To debug a LinuxKernel, use objdump and look for the hex offset from the crash output to find the valid line of code/assembler. Without debug symbols, you will see the Assembler code for the routine shown, but if your Kernel has debug symbols the C code will also be available. (Debug symbols can be enabled in the kernel hacking menu of the menu configuration.) For example:

objdump -r -S -l --disassemble net/dccp/ipv4.o

NB.: you need to be at the top level of the kernel tree for this to pick up your C files.

The stack trace will have lines something like:


The 0x135 is offset from the start of the function. The 0x17f is the total function length. The output from objdump shows byte in absolute format from start of file so you will need to add the offset to the start of the function and then you will find your line of code.

If you don't have access to the code you can also debug on some crash dumps e.g. crash dump output as shown by Dave Miller.

EIP is at ip_queue_xmit+0x14/0x4c0
Code: 44 24 04 e8 6f 05 00 00 e9 e8 fe ff ff 8d 76 00 8d bc 27 00 00
00 00 55 57  56 53 81 ec bc 00 00 00 8b ac 24 d0 00 00 00 8b 5d 08
<8b> 83 3c 01 00 00 89 44  24 14 8b 45 28 85 c0 89 44 24 18 0f 85

Put the bytes into a "foo.s" file like this:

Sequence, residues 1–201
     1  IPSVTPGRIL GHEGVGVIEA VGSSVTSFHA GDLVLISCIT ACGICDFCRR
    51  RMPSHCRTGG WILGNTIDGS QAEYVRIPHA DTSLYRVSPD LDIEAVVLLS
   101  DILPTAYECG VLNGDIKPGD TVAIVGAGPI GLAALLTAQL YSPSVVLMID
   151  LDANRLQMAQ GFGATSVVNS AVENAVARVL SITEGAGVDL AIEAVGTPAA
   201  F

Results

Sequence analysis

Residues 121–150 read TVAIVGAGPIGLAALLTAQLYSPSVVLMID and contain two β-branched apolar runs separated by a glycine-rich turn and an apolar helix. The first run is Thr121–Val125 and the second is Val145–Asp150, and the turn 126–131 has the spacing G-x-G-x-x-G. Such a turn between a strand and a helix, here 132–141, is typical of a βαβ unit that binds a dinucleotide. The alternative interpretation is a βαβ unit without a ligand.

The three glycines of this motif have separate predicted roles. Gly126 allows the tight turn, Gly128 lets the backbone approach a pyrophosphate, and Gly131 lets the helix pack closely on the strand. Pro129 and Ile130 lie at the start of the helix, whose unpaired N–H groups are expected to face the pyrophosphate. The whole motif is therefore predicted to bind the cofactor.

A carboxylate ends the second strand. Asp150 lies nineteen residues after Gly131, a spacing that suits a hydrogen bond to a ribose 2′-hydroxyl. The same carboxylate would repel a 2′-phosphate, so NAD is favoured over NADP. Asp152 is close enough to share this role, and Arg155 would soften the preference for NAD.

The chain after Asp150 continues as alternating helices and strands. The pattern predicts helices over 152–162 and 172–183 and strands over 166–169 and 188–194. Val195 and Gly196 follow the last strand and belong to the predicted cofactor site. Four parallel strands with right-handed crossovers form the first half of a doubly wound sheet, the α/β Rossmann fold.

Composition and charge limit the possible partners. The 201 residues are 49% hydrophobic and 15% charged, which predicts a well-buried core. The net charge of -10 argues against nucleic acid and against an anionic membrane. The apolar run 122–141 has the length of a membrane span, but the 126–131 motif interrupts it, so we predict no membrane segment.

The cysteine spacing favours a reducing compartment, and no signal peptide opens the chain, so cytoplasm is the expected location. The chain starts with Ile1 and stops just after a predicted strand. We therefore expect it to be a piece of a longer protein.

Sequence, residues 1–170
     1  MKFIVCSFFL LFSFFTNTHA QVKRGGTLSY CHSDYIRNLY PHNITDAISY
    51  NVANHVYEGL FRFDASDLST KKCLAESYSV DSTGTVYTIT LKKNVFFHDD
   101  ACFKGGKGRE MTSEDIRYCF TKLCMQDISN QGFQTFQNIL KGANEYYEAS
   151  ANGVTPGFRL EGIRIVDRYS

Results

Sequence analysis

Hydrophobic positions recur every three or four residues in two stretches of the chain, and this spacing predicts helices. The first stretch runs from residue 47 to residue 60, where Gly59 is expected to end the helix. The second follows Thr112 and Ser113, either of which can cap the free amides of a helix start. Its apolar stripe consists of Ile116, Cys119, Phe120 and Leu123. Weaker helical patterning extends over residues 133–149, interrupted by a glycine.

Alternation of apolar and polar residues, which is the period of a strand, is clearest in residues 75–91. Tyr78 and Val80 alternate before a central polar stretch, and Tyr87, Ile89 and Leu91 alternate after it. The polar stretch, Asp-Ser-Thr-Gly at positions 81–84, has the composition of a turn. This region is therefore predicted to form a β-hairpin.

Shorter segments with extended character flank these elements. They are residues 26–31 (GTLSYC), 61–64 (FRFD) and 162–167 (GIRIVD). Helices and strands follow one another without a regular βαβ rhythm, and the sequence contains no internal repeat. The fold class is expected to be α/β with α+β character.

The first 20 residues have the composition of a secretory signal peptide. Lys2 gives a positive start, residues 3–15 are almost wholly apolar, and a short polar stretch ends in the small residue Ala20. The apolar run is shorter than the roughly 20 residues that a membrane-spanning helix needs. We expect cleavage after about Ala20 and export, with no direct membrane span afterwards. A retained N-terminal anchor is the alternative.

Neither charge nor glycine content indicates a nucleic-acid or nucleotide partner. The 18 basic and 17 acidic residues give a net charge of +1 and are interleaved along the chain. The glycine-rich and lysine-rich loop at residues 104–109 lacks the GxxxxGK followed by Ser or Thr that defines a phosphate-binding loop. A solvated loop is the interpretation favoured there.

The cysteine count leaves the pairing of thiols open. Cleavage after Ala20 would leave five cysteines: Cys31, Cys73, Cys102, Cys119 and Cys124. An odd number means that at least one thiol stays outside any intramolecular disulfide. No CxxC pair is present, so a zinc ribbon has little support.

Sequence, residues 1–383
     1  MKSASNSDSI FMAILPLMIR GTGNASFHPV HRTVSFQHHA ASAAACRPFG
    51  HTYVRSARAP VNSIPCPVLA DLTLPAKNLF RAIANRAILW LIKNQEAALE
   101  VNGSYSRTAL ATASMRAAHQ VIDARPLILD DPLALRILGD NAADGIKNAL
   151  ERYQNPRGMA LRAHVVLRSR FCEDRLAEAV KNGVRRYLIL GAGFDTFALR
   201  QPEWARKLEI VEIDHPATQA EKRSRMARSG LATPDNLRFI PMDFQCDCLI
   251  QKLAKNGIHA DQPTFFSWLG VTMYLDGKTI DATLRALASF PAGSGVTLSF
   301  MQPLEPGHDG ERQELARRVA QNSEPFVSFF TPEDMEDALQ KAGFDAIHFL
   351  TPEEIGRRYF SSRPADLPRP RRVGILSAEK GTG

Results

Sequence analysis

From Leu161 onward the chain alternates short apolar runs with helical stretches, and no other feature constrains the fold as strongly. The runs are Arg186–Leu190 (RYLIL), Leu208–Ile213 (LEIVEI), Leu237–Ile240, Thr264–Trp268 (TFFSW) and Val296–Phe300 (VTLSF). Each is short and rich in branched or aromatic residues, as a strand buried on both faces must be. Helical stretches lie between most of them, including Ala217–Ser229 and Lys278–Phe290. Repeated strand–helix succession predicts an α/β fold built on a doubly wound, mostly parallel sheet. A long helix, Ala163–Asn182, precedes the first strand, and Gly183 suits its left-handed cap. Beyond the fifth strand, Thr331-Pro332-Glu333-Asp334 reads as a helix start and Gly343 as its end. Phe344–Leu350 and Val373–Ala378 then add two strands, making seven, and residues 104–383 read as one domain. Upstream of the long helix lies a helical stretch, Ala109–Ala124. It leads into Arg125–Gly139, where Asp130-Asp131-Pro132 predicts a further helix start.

.globl foo
       .byte  .... /* bytes from Code: part of OOPS dump */

Compile it with "gcc -c -o foo.o foo.s" then look at the output of "objdump --disassemble foo.o".


    push       %ebp
    push       %edi
    push       %esi
    push       %ebx
    sub        $0xbc, %esp
    mov        0xd0(%esp), %ebp        ! %ebp = arg0 (skb)
    mov        0x8(%ebp), %ebx         ! %ebx = skb->sk
    mov        0x13c(%ebx), %eax       ! %eax = inet_sk(sk)->opt

Another very useful option of the Kernel Hacking section in menuconfig is Debug memory allocations. This will help you see whether data has been initialised and not set before use etc. To see the values that get assigned with this look at mm/slab.c and search for POISON_INUSE. When using this an Oops will often show the poisoned data instead of zero which is the default.

See also: